Islam itself does not offer any evidence in support of Atlantis’ existence. However, the Qur’an was not intended as a history book(a). Nevertheless, several renowned medieval Arabic writers such as Al-Biruni, Al-Idrisi and Al-Mas’udi have been referred to as offering indirect but relevant evidence for the submergence of Atlantis in the Mediterranean following the breaching of a dam at Gibraltar. A more contemporary Iraqi scholar, Salah Salim Ali, in a twenty-page essay entitled Arabic References to Plato’s Lost Atlantis, discusses a possible link between Atlantis and “the City of Brass” referred to by medieval Arabic writers.
In 2014 an Indonesian website offered a more recent view of the Qur’an and Atlantis(b).
Adlantis was imagined by Ignatius Donnelly to be another form of Atlantis. He noted that the first inhabitants of Arabia were known as Adites. They were named after Ad who was fourth in line from Noah. Without any convincing reason, Donnelly states [0021.276] that “these Adites were probably the people of Atlantis or Adlantis.” The Qur’an (89:6-9) does refer to Ad(c) – Do you not see what your Lord did with ‘Ad-Iram of the Columns whose like was not created in any land? Iram has been identified as the city of Ubar discovered some decades ago(e), but, while Ad, Iram and Ubar may refer to the same place there is no way that either can be linked to Plato’s Atlantis.
It is claimed that the Qur’an contains scientific knowledge that was not known fourteen hundred years ago(d).
Uwe Topper (1940-) was born in Wroclaw, Poland (formerly Breslau, Germany) and currently living in Berlin where he earns a living as an artist. However, he is better known as a researcher and author in the fields of history, ethnography and anthropology. Towards the end of the last century, he turned his attention to chronology and developed his own version of New Chronology which incorporates some of the views of Anatoly Fomenko  and Heribert Illig.
‘New Chronology’ is also a term applied to the realignment of the chronologies of the Middle East as expounded by David Rohl and others. An interesting review of the New Chronology and its revisionist antecedents is available online(h).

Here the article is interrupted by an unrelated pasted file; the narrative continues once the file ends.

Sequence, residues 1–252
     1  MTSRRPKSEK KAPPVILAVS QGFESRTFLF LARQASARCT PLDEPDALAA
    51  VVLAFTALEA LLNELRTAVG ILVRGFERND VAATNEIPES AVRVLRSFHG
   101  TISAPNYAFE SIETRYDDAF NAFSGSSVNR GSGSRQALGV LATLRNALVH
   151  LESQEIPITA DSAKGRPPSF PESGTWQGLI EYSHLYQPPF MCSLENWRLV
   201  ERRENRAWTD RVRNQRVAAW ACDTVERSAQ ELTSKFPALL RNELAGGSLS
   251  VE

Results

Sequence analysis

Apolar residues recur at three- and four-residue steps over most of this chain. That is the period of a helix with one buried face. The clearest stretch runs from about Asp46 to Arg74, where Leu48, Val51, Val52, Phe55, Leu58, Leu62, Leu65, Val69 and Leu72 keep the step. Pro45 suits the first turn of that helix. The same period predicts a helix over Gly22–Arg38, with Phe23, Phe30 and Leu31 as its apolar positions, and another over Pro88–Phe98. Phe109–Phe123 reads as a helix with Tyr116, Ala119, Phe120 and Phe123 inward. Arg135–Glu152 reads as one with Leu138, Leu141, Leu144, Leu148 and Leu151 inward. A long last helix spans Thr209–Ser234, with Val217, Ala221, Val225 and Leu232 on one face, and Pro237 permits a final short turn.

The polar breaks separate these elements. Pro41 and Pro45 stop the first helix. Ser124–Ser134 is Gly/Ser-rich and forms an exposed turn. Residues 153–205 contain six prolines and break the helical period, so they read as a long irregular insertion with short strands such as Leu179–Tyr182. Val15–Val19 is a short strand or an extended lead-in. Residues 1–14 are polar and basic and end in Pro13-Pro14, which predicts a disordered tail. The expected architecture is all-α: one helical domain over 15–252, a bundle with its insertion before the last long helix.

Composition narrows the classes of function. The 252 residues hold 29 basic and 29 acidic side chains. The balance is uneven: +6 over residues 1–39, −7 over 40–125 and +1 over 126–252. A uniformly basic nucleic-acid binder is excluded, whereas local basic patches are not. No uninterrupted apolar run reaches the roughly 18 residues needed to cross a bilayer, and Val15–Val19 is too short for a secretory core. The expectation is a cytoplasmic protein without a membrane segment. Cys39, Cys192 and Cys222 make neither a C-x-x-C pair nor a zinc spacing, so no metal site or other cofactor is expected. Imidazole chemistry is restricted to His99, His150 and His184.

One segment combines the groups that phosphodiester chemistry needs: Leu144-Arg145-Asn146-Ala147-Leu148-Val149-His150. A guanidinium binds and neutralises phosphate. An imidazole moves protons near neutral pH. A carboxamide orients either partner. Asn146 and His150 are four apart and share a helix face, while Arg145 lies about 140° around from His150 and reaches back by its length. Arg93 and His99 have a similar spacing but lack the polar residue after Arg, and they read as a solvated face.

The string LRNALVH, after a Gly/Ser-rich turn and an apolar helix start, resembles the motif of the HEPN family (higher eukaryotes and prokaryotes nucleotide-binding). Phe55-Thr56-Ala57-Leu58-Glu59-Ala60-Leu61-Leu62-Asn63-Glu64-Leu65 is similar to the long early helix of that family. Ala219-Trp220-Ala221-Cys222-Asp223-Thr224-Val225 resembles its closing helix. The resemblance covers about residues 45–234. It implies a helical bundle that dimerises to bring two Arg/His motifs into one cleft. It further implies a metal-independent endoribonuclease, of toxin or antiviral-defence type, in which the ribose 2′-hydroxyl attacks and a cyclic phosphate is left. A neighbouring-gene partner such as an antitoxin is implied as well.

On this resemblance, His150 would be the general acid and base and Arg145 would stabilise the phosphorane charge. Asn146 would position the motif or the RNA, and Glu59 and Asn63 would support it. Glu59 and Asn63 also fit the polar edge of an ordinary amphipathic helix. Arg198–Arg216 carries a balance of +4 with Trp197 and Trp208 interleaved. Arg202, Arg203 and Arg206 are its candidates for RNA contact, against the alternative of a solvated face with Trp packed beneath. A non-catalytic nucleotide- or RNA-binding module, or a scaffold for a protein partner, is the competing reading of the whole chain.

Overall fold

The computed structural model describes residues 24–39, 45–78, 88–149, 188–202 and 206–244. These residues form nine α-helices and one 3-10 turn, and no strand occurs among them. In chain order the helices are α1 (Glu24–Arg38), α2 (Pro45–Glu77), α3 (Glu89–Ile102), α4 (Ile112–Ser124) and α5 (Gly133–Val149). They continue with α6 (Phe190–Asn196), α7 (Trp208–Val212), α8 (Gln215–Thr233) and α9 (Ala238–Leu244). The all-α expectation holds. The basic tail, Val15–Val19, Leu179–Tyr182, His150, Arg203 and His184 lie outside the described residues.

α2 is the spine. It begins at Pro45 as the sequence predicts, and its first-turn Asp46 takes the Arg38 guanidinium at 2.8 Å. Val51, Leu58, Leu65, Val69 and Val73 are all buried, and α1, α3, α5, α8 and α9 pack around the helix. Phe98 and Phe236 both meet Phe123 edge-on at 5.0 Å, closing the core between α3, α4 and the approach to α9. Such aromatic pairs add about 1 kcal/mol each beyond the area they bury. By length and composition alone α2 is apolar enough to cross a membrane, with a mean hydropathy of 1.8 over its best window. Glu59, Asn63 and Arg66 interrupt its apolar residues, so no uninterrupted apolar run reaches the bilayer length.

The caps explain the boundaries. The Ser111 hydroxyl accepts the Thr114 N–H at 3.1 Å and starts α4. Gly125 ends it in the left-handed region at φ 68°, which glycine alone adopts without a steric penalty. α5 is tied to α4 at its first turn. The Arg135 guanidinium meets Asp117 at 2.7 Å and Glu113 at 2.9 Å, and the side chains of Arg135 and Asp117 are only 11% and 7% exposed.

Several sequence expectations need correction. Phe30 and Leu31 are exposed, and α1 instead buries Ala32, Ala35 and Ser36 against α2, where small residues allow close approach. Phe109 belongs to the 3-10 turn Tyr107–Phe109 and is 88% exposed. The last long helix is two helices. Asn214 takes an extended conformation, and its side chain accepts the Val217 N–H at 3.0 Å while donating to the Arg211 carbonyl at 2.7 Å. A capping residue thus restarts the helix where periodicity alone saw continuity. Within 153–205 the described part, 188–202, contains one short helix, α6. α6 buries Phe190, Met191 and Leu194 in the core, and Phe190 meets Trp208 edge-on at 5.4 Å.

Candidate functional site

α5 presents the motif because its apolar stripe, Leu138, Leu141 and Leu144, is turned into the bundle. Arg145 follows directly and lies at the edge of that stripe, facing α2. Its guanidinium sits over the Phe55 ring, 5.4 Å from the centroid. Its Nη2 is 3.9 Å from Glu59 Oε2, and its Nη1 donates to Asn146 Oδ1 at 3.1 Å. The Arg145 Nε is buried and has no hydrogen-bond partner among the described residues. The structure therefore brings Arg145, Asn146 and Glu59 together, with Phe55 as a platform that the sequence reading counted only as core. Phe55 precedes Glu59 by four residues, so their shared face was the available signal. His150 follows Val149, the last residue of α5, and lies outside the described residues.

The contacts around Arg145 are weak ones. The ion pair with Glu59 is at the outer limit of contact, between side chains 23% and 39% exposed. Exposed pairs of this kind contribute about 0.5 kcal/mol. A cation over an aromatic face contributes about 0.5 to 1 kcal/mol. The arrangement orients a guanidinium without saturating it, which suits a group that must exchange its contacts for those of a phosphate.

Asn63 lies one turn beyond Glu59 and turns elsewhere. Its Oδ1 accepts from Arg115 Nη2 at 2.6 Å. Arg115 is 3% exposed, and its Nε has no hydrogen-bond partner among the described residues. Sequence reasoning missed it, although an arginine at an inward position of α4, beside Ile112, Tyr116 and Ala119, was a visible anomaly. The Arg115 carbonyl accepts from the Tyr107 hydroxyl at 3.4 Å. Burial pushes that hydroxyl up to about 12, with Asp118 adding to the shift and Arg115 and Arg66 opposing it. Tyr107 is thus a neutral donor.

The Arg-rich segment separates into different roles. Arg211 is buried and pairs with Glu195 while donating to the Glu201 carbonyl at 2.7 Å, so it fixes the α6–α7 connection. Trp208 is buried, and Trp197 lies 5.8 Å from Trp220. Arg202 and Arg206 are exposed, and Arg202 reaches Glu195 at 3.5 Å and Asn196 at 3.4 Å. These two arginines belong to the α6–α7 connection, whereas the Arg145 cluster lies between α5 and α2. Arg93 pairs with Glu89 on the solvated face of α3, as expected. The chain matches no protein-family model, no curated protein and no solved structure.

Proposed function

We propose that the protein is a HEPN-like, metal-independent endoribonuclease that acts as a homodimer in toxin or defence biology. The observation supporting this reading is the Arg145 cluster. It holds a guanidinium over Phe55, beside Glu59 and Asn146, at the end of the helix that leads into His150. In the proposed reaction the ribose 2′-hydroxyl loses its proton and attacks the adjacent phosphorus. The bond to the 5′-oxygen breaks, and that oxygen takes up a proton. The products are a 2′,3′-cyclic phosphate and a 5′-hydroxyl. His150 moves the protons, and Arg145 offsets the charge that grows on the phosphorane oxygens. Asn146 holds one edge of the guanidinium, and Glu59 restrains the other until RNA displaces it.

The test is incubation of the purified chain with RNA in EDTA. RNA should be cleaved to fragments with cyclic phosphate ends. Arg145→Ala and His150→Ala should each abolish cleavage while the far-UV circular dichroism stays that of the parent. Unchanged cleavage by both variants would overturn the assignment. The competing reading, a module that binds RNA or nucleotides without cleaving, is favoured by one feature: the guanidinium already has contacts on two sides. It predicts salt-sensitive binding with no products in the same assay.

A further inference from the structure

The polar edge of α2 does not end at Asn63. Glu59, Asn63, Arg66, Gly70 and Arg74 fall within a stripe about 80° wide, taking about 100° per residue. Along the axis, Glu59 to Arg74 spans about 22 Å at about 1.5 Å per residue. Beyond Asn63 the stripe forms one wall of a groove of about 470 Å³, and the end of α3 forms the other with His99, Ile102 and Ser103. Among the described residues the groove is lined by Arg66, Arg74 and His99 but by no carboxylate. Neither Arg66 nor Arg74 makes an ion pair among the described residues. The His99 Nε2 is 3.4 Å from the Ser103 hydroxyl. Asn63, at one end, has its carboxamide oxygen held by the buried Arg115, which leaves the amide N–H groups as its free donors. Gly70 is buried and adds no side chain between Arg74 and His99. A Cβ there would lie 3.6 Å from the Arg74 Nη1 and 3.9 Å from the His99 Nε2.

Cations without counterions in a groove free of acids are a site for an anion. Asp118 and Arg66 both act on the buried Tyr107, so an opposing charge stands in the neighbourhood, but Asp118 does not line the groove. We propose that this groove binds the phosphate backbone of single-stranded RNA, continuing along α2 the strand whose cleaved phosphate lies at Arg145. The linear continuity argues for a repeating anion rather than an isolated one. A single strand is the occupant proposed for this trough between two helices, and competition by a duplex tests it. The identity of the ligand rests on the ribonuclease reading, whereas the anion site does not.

A paper(b) by Topper on the subject is worth a read as is a critical review(g) of Topper’s work by Jason Colavito.
An English translation of some of Topper’s work relating to his revisionist view of ancient chronology is available(i). In it he explores what he describes as “jolts and gaps in historical chronology”, noting that “dates that were detem1ined centuries ago and documented in classical and prehistoric monuments collide with those re-calculated by modem techniques for those same objects. They diverge quite noticeably, and the more the dates go back in time the bigger the difference between the two, i.e. between real observation of that time and re-calculation based on present observations.” Topper is convinced that chronological misalignments are the consequences of cataclysms(b).
Topper seems to thrive on controversy, because not content to deconstruct our chronology, he has denounced, Beowulf, the cave paintings of Chauvet, and the Lady of Elche as all fakes(a). He has also written an extensive paper(f) on the cart ruts, usually associated with just Malta, but which are found around the Mediterranean and further afield.
Topper has also written about Atlantis, placing its capital on the site of modern Cadiz surrounded by nine other cities between Lisbon and Tarragona (see Richard Cassaro) and has identified possible references to Atlantis in the Qur’an and also speculated that by 11,000 BC Atlantean culture had spread as far as the Americas and Asia! He dealt with these matters in his 1977 book, Das Erbe der Giganten. Untergang und Rückkehr der Atlanter (The legacy of the giants, fall and return of the Atlantean)
He has also attempted to revive interest in Hanns Hörbiger’s ‘world-ice theory’(d).
My instincts tell me that Topper’s views should be treated with great caution.
Topper’s son, Ilya, is following in his father’s footsteps with articles on New Chronology as well as papers with provocative titles such as; The Christian Koran and The Sumerians did not exist(c).
(f) http://www.ilya.it/chrono/pages/gleisedt.htm (german)
Adlantis was imagined by Ignatius Donnelly to be another form of Atlantis. He notes that the first inhabitants of Arabia were known as Adites (Pt. IV Chap1). They were apparently named after Ad who was fourth in line from Noah. Without any convincing reason, Donnelly states that “these Adites were probably the people of Atlantis or Adlantis”. He also quotes an Arabic tradition that they are descended from Ad, son of Ham although this is not confirmed by the Qur’an. However, the Qur’an does claim that Noah was allowed by God to warn the people of Ad of the impending Deluge.
A short discussion paper in Atlantisforschung mentions that the Ad people are referred to 14 times in the Qur’an and attributes the first identification of the Ad people as Atlanteans to Uwe Topper in 1977, nearly a century after Donnelly(a)!
The lost city of Ubar, also known as ‘Iram of the Pillars’, was discovered using satellite imagery in 1992 in southern Oman. The city had been sought after by Lawrence of Arabia and referred to by him as the ‘Atlantis of the Sands’, a name that has stuck. Its discovery prompted speculation that this was the city of the people of Ad mentioned in the Qur’an. An article by Harun Yahya discusses this idea from an Islamic viewpoint(b).
The location of Ubar has centred on the ancient Bedouin site of Shisr in the Dhofar province of Oman, but, as usual, there is controversy about this identification(c).